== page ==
We are trying mightily to break the silence about this serious and frightening movement. I am joined by writers such as Bruce Wilson, Alex Bird (dogemporer) and activists such as Mikey Weinstein. Your friend is spot on regarding what is known as political dominionism.

    Leah L Burton.

  2. Gloria Feldt says:

    More Facebook comments:
    Suzanne Mathis McQueen
    Yes, of course. It has not only lulled the masses into complacency, it has bullied others into silence. Cheerleaders holding a banner is exactly that – a banner. Now if they had incorporated the verses into their cheers I think we would have had the same result.
    Yesterday at 2:54pm

    Michael Druckman
    Why should the taxpayer pay for abortions? If it’s a women’s reproductive choice and not a medically necessary they should pay for the procedure themselves. If I want to get an elective cosmetic procedure it should be on my nickel.
    2 hours ago

    Suzanne Mathis McQueen
    1. Abortion can in no way be compared to a elective cosmetic procedure.
    2. Sometimes it is medically necessary
    3. The rest of the time it is mentally and emotionally necessary if this is what the woman has decided to do.
    4. Why do you not want to hear what women say they need?
    5. Birth control pills are not “necessary” either, but well worth paying for to prevent unwanted pregnancies, the reason for abortion and the most cost effective…. See More
    6. Schools not “necessary” but certainly worth our efforts as a society, for the world YOU live in.
    7. Your tax dollars are either paying a nominal amt for legal abortion or an enormous amt for a botched back-alley abortion and in neither case have you saved a fetus.
    8. You’d rather have your tax dollars going for 18 yrs of public assistance for each of these women when they’ve expressed they cannot afford another child?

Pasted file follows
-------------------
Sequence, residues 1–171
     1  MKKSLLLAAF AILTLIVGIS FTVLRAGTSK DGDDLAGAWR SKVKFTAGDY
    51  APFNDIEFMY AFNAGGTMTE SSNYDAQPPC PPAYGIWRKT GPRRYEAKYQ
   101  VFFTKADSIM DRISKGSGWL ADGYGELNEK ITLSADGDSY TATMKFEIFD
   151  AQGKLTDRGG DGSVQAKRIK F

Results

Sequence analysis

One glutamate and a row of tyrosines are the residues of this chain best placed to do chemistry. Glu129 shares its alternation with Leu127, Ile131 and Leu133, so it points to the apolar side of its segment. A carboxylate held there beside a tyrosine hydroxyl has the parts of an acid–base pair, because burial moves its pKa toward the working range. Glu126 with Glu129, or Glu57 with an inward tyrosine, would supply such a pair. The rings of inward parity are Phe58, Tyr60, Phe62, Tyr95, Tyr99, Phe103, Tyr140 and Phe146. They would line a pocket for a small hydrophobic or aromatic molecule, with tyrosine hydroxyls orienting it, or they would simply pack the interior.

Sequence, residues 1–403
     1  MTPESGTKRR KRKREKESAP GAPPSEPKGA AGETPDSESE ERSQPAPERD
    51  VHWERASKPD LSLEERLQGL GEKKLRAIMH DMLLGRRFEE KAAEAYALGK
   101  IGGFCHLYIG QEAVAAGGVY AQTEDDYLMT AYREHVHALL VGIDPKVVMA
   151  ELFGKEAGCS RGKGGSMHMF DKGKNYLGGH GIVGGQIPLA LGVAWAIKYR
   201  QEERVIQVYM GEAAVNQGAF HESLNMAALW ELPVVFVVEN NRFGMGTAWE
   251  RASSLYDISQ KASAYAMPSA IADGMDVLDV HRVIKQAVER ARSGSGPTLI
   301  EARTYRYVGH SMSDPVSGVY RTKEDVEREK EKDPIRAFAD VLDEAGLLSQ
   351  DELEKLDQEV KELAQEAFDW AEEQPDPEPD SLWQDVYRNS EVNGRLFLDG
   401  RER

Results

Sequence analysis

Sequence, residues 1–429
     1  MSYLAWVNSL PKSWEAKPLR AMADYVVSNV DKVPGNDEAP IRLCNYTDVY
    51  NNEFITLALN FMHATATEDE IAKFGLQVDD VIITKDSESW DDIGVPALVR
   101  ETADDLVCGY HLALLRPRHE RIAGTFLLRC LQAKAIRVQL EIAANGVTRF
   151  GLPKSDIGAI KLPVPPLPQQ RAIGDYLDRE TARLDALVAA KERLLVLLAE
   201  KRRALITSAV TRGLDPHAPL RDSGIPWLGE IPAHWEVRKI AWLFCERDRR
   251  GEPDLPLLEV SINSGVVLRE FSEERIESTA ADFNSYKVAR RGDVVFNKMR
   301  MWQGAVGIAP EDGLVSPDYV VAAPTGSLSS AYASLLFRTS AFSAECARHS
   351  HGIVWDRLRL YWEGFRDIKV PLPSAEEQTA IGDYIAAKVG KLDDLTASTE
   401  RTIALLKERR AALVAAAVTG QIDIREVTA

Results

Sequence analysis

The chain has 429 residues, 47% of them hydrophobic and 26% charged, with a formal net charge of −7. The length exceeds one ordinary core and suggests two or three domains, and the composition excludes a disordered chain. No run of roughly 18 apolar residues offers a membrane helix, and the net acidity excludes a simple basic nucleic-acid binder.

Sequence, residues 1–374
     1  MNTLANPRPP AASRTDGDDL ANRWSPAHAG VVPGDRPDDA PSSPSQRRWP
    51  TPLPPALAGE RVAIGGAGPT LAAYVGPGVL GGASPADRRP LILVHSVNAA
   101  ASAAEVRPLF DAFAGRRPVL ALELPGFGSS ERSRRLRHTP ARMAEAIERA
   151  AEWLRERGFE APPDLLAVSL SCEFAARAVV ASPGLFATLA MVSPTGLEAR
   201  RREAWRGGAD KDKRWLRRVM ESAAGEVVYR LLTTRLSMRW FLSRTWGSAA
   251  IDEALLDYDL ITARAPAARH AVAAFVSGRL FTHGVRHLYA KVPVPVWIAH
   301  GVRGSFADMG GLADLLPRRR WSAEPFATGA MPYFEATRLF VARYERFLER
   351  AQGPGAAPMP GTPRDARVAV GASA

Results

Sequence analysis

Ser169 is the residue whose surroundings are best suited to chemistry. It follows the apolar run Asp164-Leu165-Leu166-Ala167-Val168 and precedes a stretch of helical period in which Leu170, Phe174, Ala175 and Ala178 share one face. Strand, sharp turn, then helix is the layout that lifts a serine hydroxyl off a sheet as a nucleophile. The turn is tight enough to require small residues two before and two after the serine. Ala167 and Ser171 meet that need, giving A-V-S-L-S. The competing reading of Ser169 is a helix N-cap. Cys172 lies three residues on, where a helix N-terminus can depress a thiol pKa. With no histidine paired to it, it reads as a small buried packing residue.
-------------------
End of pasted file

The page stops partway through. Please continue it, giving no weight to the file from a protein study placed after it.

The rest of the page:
9. Preventing unwanted pregnancies is the only proven method of preventing abortion, Illegalizing it or not funding it only makes the whole challenge worse. If it truly is about money, you need to consider the bigger picture cost here.
    10. You asked.
    2 hours ago ·

    Michael Druckman
    The definition of a liberal is that he or she makes their charitable donations with other peoples money. Add to that a liberal woman wants other people to pay for their birth control.
    4 minutes ago

    Gloria Feldt
    Birth control is the most basic of women’s health care. Public health officials rank birth control among the top half dozen most effective public health advances of the 20th century. That means they are critically important to preventing maternal and infant mortality and illness, just as immunizations and clean drinking water are critical public health advances paid for by tax dollars.

  3. Suzanne Mathis McQueen says:

    Mr. Druckman:
    I don’t want to pay for your heart attack when you’ve not eaten or exercised properly, but this is what health insurance is all about. We’ll ALL either paying for EACH person’s health challenges or not, and everyone has a different story. Female bodies are reproductive vessels and cost us a fair bit to maintain. By disregarding our needs you are flat-out discriminating against us and disregarding our value to society and as humans with human needs.
    How do I know you are not a high health maintenance nightmare? I’d love to see your list of things you are willing to pay for and those you are not, as well as how you defend those as things we should all pay for.

    We’re either functioning as a society with health insurance or not. Continuing to educate all on how to be healthy in mind, body, and spirit for ourselves and our society is the most cost effective form of health care. It is not yours to judge who or what is deemed worthy and what is not.

  4. John says:

    Let’s see, a woman (female of any age) chooses to have sex, chooses to not use protection of any sort, chooses not to carry the child to term because it’s medically necessary to avoid the stretch marks, and then gets to choose to send me the bill. How many choices do I get?

  5. Phil says:

    For me it’s not All about the money, it’s about protecting a human life. Who is speaking out on behalf of the unborn children? Are you telling me that you don’t think a baby is a person until it is born? Is a baby a person only after a nine month gestation period? What about a premature birth – is he/she a person or not? Unborn babies have every human trait and feature very early in pregnancy. Are you going to decide exactly when a person starts being protected by the same rights you say a woman has to choose life or death for her child. If the unborn child is a girl, doesn’t she deserve the same rights you’re claiming all women have?